To say that “The Ecological Farm” by Helen Atthowe is a holistic approach to farming would be understating the significance of years of research and farming experience, as well as the love for her farming partner, mentor and husband, Carl Rosato, that is evident throughout the book.
One of the subheadings in the book is “An Ongoing Experiment in Breaking the Rules.” While Atthowe followed traditional horticultural practices early on, readers can see a significant scientific and practical evolution to her approach over a period of 40 years.
In the forward, she states that in the 1970s and 1980s, Rosato was ahead of his time. He believed that “soil health driven by a diverse plant community above ground, feeding a diverse soil microbial community below ground” was key to the success of “a farm that grew more vibrant and productive over time,” specifically when it came to the peaches in his orchard.
Even now the concept that plant and microbe communities are an integral part of soil and, consequently, plant and crop health is not part of the mainstream thinking within agricultural practices.
In the “bottom up” approach to farming, Atthowe writes, “Soil microbes are the engine that drive all these processes that release plant nutrients.” Her words speak to the importance of the prevalence of soil fungi in healthy soil in the form of decomposer fungi and root (or mycorrhizal) fungi.
Atthowe approaches the health and well-being of her farm in the same manner as you would the human body. She considers and applies scientific principles to the interrelationships of plants, soil, water, bacteria, microbial biomass and microbially active carbon as well as insects and other external factors that contribute to the growth cycle and its systems. This way of thinking underscores that the health of all components contributes to the overall health of the farm.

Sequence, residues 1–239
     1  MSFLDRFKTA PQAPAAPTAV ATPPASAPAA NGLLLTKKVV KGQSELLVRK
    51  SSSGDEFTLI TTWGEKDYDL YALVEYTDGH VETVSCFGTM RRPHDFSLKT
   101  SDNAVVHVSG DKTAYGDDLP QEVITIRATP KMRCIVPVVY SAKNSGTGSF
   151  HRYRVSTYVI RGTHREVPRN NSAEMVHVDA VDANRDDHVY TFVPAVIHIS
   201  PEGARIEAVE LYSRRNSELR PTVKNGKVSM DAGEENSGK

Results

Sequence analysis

The author is also able to methodically explain the processes used, the yields that resulted, and the changes she herself has made over the course of decades, with some examples occurring as recently as within the last three years. The observational, scientific and practical approaches are not static. Atthowe continues to experiment, learn and balance her system of farming with the natural world. One such example is “tithing to ecology”: this term that she and her husband coined describes allowing 5-10% pest damage to crops.
Early in the book she writes, “My vision is to discover how to more closely mimic natural ecosystems and how to farm well by doing less rather than more.” Atthowe’s ideas may be distilled into one simple concept: community. Whether these are plant, insect, animal, soil, bacteria or fungal communities, they are all important to the framework of a healthy farm ecosystem.
The decades of experience and experimentation found within the pages of “The Ecological Farm” are a blueprint with answers, proven techniques, ideas and valuable information and instruction to anyone interested in farming more in alignment with natural systems.
Ivonne Vazquez, Orono, Maine